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Emerging Equities Post Worst Slump Since 2008 on Global Economy

An index of emerging-market stocks fell this week to post the longest string of weekly declines since 2008, led by energy companies, as concern that a global slowdown will crimp consumer demand weighs on commodities.

The MSCI Emerging Markets Index dropped 0.6 percent this week to 1,012.96, its seventh straight weekly slump. OAO Novatek, Russia’s second-largest gas producer, sank 21 percent in London to lead weekly declines in the index, while OAO Novolipetsk Steel, Russia’s largest steelmaker by market value, fell to an almost three-year low. Moscow’s Micex Index slipped to a 2012 low, while Brazil’s Bovespa Index dropped 1.4 percent.

Economic reports from around the world this week have bolstered concerns the world is headed for recession, with Chinese and U.S. service-sector growth slowing and Europe’s jobless rate at a 15-year high. U.S. employers added fewer jobs than economists forecast last month, data today showed, aiding oil’s slump below $100 a barrel in New York for the first time since February. Metals prices slid in London.

“The data has turned really bad the last couple of weeks,” Neil Shearing, a senior emerging-markets analyst at Capital Economics Ltd. in London, said by phone today. “The weaker payroll data cautions investors and puts them in a wait-and-see mode for taking on risk.”

The MSCI Emerging Markets gauge has added 11 percent this year and trades for 10.5 times estimated earnings of member companies, data compiled by Bloomberg show. That compares with a multiple of 12.3 times for the MSCI World Index of developed countries, which has gained 7 percent in 2012.

ETF Slips

The IShares MSCI Emerging Markets Index exchange-traded fund, the most-traded ETF tracking developing-nation shares, fell 2.2 percent in the week to $41.36, the lowest level since April 10. The Chicago Board Options Exchange Emerging Markets ETF Volatility Index, a measure of options prices on the fund and expectations of price swings, rose 3.1 percent to 26.60.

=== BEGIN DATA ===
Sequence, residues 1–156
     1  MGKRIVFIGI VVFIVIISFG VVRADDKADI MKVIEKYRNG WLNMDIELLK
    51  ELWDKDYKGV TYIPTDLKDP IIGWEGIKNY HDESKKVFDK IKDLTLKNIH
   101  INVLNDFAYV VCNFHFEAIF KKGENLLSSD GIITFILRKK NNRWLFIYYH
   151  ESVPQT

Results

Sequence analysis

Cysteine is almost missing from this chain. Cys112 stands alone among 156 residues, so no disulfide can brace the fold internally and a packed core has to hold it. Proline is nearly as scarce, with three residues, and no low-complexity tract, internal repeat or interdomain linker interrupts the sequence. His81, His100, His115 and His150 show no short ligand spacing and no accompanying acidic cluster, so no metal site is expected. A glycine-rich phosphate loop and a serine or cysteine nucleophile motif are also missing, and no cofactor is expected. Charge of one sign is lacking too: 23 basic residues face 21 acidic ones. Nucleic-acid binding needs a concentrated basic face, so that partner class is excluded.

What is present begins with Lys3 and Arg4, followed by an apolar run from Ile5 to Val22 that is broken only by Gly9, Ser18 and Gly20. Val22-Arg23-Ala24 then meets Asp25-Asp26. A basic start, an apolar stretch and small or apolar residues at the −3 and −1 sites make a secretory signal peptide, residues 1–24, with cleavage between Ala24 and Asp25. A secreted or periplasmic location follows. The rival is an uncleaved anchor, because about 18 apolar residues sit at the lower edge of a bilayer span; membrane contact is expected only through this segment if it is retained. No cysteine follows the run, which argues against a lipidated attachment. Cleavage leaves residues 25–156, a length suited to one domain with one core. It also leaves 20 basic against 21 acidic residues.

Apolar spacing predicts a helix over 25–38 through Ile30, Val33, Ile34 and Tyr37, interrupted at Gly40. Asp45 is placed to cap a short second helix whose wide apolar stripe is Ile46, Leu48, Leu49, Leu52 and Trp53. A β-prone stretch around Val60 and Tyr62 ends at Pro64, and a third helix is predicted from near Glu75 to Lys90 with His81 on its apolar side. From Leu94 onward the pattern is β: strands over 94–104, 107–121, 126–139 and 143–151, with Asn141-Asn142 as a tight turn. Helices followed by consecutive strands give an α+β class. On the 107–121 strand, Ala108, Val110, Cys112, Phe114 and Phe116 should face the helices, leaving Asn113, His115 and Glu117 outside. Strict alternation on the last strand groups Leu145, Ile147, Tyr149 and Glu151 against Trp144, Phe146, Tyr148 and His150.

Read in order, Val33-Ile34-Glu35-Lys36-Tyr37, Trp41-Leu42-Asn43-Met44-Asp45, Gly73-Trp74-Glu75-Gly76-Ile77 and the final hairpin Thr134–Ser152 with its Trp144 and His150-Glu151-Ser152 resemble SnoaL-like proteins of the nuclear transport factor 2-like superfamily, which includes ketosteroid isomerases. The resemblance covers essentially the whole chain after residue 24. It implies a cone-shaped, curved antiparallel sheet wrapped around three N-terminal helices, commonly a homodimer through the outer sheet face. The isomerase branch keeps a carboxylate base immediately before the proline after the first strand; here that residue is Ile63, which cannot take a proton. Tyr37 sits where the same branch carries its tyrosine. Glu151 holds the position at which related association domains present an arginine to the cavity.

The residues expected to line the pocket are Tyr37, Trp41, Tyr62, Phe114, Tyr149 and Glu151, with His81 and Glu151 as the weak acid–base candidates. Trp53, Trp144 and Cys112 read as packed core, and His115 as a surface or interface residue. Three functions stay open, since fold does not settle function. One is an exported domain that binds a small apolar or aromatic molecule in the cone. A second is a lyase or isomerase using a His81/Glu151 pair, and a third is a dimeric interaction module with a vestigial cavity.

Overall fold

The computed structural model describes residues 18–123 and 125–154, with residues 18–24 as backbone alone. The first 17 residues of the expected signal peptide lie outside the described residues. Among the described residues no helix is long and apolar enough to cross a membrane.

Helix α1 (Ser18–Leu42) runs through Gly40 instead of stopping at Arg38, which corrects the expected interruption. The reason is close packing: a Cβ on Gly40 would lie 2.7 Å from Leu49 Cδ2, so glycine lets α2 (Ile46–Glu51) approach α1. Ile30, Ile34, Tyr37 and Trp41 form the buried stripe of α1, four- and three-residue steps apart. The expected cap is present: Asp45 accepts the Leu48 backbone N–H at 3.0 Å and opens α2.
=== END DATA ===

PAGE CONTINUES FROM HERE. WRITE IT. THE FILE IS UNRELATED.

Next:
Neither of Greece’s two major political parties that have supported the nation’s international bailouts -- New Democracy and Socialist Pasok -- will win an outright majority in May 6 elections, opinion polls show.

Francois Hollande, the Socialist challenger for the French presidency who is leading conservative incumbent Nicolas Sarkozy in polls, has called for a re-negotiation of the budget pact crafted by European leaders in March to stave off a repeat of the region’s debt crisis.

“Political uncertainty has twinned with economic unpredictability to create an even more uncertain backdrop for global markets as we move into late spring,” Chris Weafer, the chief strategist at Moscow-based Troika Dialog, Russia’s oldest investment bank, said in an e-mailed note to clients. “This combination is keeping investors wary of so-called risk assets.”

Novatek, Mechel

Novatek and OAO Mechel, Russia’s biggest producer of coking coal, were the biggest decliners this week on the emerging markets stock gauge. American depositary receipts of Mechel sank 15 percent to the weakest level since July 2009.

Oi SA, retreated 14.3 percent in the week to 9.83 reais in Sao Paulo after the Brazilian telecommunications company was rated sell in new coverage at Citigroup Inc.

Eletropaulo Metropolitana Electricidade de Sao Paulo SA, the Brazilian unit of Arlington, Virgina-based power producer AES Corp., dropped 2.2 percent after reporting on May 3 that net income in the first quarter slid 61 percent from a year earlier.

The Micex tumbled 3.6 percent today, bringing its weekly drop to 2.1 percent. OAO Surgutneftegas sank 4.4 percent and OAO Gazprom Neft retreated 4.5 percent as crude oil fell below $1000 a barrel for the first time since February.

The Shanghai Composite Index, which only traded over the last three days of the week because of holidays on April 30 and May 1, gained 2.3 percent, led by a 17 percent surge in Shanghai Construction Co. The Taiwan Stock Exchange advanced 3 percent in the week, the most since the beginning of February.

The extra yield investors demand to own emerging-market debt over U.S. Treasuries climbed five basis points, or 0.05 percentage point, to 343 basis points today, according to JPMorgan Chase & Co.’s EMBI Global Index.

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